As the world focuses on turmoil in Egypt, a simmering insurrection is threatening to boil over in Yemen, with potentially dire consequences for the United States, analysts said. Thousands of protesters took to the streets of Yemen's cities this week, imperiling the corrupt government of one of the world's poorest countries -- one that has become a haven for some of the most dangerous al Qaeda operatives.

The fall of Yemen would unravel years of efforts by American officials who have worked closely with Yemeni leaders to stop al Qaeda from turning the country into the kind of stronghold Afghanistan was before 9/11.

Bruce Riedel, a former CIA analyst who was an adviser to President Obama on Afghanistan-Pakistan review, said a collapse of the government in Yemen would be a major blow in the fight against terrorism.

"Yemen is already a weak state with a host of problems," Riedel said. "If it now faces mass protests the government will have even less resources to fight [al Qaeda.]"

Tens of thousands of Yemeni citizens took to the streets Thursday demanding President Ali Abdullah Saleh resign. Saleh, whose been in power for 32 years, was discussing a constitutional amendment that would make his presidency a life term.

After the protests erupted, he made promises to slash income taxes in half and raised the pay of his military and security officials. Experts say he won't be able to sustain the changes or fulfill promises without help.

Christopher Boucek, a Yemen specialist with the Carnegie Endowment for International Peace, said the administration needs to look beyond the al Qaeda presence in Yemen and focus on the "bigger issues" of economic reform, corruption and malcontent among the civilian population in the Arab world.

Boucek said if events proceed without change in Yemen the government will collapse. He said there are stark similarities between what happened in Tunisia and what could easily unfold in Yemen.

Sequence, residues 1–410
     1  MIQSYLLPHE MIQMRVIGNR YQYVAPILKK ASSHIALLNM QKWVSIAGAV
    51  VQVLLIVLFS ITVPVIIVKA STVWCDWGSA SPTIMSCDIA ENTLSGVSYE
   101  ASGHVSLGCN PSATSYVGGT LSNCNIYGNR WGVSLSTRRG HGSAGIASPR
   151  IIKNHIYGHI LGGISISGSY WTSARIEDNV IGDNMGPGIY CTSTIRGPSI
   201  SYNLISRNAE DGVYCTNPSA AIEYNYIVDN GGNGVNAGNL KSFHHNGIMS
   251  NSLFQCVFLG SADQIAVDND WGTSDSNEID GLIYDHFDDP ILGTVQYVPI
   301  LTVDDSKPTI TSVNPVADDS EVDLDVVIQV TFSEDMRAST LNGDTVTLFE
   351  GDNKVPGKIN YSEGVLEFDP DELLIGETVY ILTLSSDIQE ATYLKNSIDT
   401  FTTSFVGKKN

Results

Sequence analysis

Al Qaeda has waged a successful propaganda war in Yemen, experts said, using government corruption and Saleh's overtures to the United States to create unrest. "We need to support the Yemeni government while they make changes but they need to make changes," Boucek said. "If they don't make those changes the situation is going to get worse -- state failure or state collapse."

The terrorist group merged in Saudi Arabia and Yemen to form a single organization in early 2009. It calls itself al Qaeda in the Arabian Peninsula. Cleric Anwar al-Awlaki has emerged as the group's leader. Al-Awlaki, an American of Yemeni decent, is believed to be hiding in Yemen. He is the only American on the CIA's list of important targets to apprehend or kill.

Boucek said the people of Yemen are justifiably angry at the Saleh government. "You look at Yemen and you have a very wealthy elite in control and everybody else. Most of the population gets by on a dollar a day," he said.

That creates a dilemma for the United States, experts said -- continue to back a corrupt government in an effort to deny al Qaeda a key base, or deal with the inevitable chaos if that government collapses.

Sara A. Carter is The Washington Examiner's national security correspondent. She can be reached at